Producers: Mason Novick, Glen Trotiner, Will Phelps, Mickey Liddell, Pete Shilaimon and Jeremy Garelick Director: Jason Orley Screenplay: Jason Orley Cast: Pete Davidson, Griffin Gluck, Jon Cryer, Emily Arlook, Colson Baker (aka Machine Gun Kelly), Thomas Barbusca, Oona Lawrence, Esteban Benito, Julia Murney, Sydney Sweeney, Brielle Barbusca and Michael Devine Distributor: Neon
There isn’t much to Jason Orley’s debut feature, but there are enough good elements in the fairly predictable dramedy to make its relatively brief running-time agreeable.
“Big Time Adolescence” is a coming-of-age story in which one of the two major characters matures despite the fact that the other hasn’t. Monroe Harris (Griffin Gluck) is a sixteen-year old high-school kid, a straight-arrow type. There is, however, one aspect of his life that bothers his parents, his mother Kate (Emily Arlook) to some extent but his father Reuben (Jon Cryer) greatly. That’s his friendship with older Zeke Presenti (Pete Davidson), a twenty-three year old slacker the boy’s been devoted to ever since he was the boyfriend of his sister Sherri (Julia Murney).
She’s moved on but Monroe hasn’t. He’s constantly spending time with Zeke and equally misfit buds like Nick (Colson Baker, aka Machine Gun Kelly) and Doug (Esteban Benito), even taking his advice about how he should romance Sophie (Oona Lawrence), the classmate he’s infatuated with, even though both Sherri and Zeke’s current squeeze Holly (Sydney Sweeney) warn him that Zeke doesn’t know what he’s talking about. And Zeke enjoys having Monroe around simply because the kid considers him the essence of coolness—which, of course, nobody else does. It stokes his vulnerable ego.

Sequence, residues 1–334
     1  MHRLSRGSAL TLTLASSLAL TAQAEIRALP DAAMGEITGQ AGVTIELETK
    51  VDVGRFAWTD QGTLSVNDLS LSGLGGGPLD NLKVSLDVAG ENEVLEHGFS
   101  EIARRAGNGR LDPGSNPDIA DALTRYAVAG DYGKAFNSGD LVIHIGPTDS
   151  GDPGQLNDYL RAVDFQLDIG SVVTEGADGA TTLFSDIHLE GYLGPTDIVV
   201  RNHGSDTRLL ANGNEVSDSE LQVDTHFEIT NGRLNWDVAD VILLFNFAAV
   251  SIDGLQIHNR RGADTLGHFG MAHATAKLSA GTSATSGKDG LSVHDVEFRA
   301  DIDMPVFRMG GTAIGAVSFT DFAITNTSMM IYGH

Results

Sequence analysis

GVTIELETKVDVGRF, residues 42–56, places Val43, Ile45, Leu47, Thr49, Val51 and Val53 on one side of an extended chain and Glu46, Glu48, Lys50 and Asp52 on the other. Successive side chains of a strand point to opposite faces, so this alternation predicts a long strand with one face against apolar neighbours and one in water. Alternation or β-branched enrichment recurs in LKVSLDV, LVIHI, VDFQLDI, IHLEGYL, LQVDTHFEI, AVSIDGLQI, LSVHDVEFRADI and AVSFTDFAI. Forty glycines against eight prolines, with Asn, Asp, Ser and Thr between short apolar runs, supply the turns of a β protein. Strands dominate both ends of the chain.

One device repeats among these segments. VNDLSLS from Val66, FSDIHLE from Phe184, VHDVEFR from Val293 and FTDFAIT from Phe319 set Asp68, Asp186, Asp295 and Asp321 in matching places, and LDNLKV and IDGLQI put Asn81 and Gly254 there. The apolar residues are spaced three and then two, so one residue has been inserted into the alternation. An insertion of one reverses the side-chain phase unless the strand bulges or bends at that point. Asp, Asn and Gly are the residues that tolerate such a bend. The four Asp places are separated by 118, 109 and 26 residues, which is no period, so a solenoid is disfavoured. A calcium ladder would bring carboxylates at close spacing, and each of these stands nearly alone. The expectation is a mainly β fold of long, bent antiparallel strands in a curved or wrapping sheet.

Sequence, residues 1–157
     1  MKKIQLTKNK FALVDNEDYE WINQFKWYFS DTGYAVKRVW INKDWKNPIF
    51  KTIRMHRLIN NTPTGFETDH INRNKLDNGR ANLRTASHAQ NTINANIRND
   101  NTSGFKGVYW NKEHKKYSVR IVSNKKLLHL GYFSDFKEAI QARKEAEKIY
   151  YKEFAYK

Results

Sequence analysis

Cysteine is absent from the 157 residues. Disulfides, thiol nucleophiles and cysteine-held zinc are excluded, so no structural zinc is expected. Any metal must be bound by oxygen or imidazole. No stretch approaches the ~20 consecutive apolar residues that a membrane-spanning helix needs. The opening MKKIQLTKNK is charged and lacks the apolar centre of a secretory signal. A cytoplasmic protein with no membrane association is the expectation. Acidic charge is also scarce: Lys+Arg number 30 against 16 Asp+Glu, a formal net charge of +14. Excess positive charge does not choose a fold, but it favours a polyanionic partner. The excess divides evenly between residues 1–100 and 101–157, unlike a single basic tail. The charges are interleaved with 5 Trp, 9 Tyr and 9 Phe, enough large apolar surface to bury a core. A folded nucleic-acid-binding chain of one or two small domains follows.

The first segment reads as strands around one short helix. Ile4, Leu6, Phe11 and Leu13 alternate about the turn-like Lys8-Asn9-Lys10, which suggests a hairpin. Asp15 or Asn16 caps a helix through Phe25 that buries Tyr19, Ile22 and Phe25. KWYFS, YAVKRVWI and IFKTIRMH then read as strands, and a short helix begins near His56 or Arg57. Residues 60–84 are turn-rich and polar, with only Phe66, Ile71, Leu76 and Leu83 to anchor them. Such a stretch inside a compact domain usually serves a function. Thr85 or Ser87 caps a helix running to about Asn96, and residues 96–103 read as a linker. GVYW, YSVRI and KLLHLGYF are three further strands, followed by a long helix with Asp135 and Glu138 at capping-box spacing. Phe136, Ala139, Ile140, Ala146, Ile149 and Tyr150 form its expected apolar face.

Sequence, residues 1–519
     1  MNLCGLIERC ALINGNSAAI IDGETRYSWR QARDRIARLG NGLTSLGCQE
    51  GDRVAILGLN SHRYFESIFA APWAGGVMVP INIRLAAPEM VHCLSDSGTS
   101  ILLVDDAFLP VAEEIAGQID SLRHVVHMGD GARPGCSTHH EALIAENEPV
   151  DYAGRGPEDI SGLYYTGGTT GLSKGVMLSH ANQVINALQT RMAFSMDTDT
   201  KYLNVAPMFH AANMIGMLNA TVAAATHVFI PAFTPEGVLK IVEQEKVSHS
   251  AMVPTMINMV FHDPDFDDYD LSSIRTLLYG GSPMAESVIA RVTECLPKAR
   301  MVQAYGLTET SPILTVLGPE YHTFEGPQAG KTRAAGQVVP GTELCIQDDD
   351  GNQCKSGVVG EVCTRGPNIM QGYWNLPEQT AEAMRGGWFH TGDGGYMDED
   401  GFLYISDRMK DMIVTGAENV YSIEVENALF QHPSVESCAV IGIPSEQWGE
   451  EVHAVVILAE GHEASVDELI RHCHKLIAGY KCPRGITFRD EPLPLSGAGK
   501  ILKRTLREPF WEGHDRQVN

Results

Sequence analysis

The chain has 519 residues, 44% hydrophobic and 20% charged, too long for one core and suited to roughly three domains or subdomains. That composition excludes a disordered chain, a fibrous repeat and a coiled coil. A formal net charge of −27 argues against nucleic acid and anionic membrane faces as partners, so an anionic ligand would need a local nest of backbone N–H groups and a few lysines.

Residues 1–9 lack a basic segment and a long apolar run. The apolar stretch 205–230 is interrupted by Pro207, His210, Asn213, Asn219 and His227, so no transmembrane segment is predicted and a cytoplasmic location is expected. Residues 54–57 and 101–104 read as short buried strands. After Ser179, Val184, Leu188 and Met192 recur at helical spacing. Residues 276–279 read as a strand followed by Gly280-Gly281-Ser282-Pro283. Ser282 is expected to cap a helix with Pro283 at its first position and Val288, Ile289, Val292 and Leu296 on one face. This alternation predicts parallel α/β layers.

Inevitably Monroe’s misplaced idolatry of Zeke has consequences more serious than the loss of a girlfriend. When classmate Jon Epstein (Thomas Barbusca) persuades him to bring some booze to get into a senior-level house party, Zeke takes the opportunity to unload some of his excess weed at high prices. He induces Monroe to serve as his salesman, assuring the kid that, being underage, he’s got nothing to worry about even if he’s caught. That turns out to be just one more example of bad advice, and the boy finally realizes that his trust in Zeke was unwise.
Gluck is likable as the nice kid in thrall to a bad influence, and Lawrence and Barbusca handle the other teen roles well. But the youngsters are outshone by Cryer, who once played roles similar to theirs and now simmers and rages effectively at the parental end of the age spectrum.
And the picture wouldn’t work at all without Davidson, who brings the bemused smirk and flippant smugness familiar from his “Saturday Night Live” segments to Zeke, who in his hands shows both the sort of laid-back charisma that might appeal to an impressionable boy and the hint of danger that would antagonize his father. He also carries off a coda that has a properly poignant air. The rest of the cast do what’s demanded of them effectively.
“Big Time Adolescence” is hardly a big-budget movie, but it’s technically more that adequate, with a convincing production design by Kathrin Eder and relatively slick cinematography by Andrew Huebscher. Waldemar Centeno’s editing keeps it moving at a good clip, and the music by Zachary Dawes and Nick Sena adds to the mood.
The trajectory of Orley’s story is far from surprising, but he and his cast handle it with enough cheekiness to make the movie a pleasant, if weightless, diversion.